Arts, Culture & History

Partake in the Pioneer Spirit!

After the fur traders came the packers, miners, telegraph operators, surveyors and finally, settlers looking for the free land of the frontier. In 1906, the Village of Vanderhoof was only a survey line in the wilderness to mark the location of the marked railway. When the last spike was driven on 7th April, 1914, it started a race for the land. The Grand Trunk Pacific Development Company offered cheap land and had one of their employees, Mr. Herbert Vanderhoof, lay out the townsite. Vanderhoof is Dutch for “of the farm”, which was very appropriate, since it was the first agricultural settlement in the province. The town grew, and in 1926, the Village of Vanderhoof was born.

With the arrival of World War ll, many young men left, and Vanderhoof came to a standstill. But with the rise in lumber prices, and the arrival of new people in the late 1940s, it started to grow again. The next boost to the population and the economy came with the construction of Kenney Dam in the early 1950s. At the peak of its construction it employed 1,500 men, and a number of them stayed in the area after the dam was built. The next expansion period came with a large influx of American immigrants in the 1960s, and since that time, Vanderhoof has enjoyed steady growth.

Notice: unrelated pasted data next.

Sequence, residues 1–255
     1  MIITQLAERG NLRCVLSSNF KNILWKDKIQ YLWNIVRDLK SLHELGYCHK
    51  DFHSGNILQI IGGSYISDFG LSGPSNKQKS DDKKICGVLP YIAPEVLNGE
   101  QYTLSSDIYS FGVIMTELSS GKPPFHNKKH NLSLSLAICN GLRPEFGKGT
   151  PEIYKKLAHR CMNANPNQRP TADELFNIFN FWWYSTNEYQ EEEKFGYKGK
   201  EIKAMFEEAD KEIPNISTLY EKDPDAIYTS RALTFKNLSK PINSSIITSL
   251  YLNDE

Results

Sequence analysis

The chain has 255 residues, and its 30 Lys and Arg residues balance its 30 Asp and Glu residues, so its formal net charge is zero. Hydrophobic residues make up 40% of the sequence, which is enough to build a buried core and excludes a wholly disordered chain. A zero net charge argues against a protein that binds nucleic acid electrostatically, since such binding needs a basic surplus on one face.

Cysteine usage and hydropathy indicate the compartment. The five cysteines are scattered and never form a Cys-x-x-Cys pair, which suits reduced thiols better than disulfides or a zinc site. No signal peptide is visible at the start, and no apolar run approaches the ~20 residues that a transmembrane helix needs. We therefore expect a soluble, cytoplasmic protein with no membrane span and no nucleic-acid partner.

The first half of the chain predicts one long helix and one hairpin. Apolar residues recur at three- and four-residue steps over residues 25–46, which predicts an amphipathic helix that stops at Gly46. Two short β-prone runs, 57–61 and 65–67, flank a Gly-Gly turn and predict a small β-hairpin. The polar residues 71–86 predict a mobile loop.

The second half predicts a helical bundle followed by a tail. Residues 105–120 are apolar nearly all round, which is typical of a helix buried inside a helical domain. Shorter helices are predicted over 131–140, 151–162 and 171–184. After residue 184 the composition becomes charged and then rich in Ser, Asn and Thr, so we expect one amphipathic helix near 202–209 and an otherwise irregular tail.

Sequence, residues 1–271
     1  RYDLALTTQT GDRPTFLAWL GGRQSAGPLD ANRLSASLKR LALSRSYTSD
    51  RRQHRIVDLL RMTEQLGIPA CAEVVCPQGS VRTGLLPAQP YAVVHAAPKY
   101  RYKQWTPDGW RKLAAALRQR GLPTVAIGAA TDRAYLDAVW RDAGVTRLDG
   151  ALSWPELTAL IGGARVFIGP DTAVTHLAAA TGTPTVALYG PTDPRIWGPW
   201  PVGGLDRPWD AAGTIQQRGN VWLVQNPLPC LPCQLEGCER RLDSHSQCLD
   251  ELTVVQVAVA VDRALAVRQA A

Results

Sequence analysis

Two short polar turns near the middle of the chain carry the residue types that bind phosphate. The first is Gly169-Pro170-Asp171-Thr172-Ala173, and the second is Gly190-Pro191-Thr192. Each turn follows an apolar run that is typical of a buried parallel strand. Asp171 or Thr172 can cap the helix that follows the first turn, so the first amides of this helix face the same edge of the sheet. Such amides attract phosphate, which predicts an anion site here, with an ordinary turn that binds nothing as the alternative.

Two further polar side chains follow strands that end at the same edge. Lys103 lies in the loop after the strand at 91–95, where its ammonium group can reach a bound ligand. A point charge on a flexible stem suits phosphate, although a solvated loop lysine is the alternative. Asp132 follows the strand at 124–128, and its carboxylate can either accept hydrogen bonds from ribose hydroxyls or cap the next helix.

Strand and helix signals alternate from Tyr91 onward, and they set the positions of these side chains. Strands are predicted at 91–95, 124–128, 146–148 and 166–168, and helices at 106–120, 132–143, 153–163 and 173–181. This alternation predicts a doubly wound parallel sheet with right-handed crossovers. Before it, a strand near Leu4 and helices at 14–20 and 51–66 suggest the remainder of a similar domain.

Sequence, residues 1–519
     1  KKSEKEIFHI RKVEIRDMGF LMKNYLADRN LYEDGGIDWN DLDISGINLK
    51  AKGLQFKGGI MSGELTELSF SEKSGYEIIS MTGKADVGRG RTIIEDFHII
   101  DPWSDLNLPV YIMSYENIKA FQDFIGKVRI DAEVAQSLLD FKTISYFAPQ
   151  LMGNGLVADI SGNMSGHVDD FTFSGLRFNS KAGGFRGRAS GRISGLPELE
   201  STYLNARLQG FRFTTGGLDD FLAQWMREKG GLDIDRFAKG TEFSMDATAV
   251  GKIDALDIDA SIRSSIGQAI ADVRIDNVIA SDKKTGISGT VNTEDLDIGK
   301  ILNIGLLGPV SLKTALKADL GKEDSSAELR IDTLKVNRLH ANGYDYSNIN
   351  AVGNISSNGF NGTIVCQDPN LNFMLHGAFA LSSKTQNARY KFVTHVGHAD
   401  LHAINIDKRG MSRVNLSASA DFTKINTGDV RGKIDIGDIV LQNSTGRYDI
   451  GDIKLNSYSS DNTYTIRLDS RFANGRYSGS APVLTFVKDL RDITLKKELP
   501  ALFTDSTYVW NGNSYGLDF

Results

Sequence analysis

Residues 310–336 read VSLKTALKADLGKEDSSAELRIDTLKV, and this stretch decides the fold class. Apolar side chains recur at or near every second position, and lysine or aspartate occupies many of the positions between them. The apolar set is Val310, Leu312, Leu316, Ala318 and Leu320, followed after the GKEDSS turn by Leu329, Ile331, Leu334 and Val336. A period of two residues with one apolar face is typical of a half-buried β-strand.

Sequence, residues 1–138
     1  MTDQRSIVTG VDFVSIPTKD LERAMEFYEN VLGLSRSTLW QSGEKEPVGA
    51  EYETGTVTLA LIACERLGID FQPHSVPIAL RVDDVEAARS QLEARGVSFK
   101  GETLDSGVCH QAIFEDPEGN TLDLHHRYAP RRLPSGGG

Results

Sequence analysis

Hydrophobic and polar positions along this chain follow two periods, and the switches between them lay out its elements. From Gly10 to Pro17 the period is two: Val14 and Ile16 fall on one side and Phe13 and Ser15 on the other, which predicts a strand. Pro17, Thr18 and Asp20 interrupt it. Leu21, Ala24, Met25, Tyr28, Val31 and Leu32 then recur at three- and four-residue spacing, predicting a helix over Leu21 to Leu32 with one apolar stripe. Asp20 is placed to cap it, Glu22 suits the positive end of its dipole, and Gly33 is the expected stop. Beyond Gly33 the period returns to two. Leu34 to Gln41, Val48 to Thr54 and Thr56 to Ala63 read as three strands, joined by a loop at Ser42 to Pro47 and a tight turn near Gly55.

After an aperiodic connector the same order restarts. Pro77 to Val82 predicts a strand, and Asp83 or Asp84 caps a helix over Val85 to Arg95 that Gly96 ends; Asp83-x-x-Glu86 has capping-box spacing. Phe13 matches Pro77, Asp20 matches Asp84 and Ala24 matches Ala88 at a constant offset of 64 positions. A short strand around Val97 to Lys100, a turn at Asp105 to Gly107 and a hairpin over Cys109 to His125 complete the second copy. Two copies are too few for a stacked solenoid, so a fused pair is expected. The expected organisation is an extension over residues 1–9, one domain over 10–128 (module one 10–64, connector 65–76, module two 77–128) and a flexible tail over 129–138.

There is no opera house here, but plenty of ranching and logging history and lore to be explored at the Heritage Village Museum. Vanderhoof is a real live working town typical of the economic life of the north. The town is a central service area for a population of 22,000, with forestry and agriculture, including Buffalo and Ostrich farms, being the mainstays of the local economy.

Visit the Museum

At the west end of Vanderhoof on Highway 16 is the Vanderhoof Heritage Museum offering visitors a glimpse into the 1920s. Tour guides provide slide shows and walking tours. Included in the tour is a 30-minute stroll through a 1920s farmhouse, hotel and jailhouse.

A 20-minute nature walk wanders through other heritage buildings such as the Yukon telegraph cabin and a one-room school. Self-guided tours are also an option.

7 days a week

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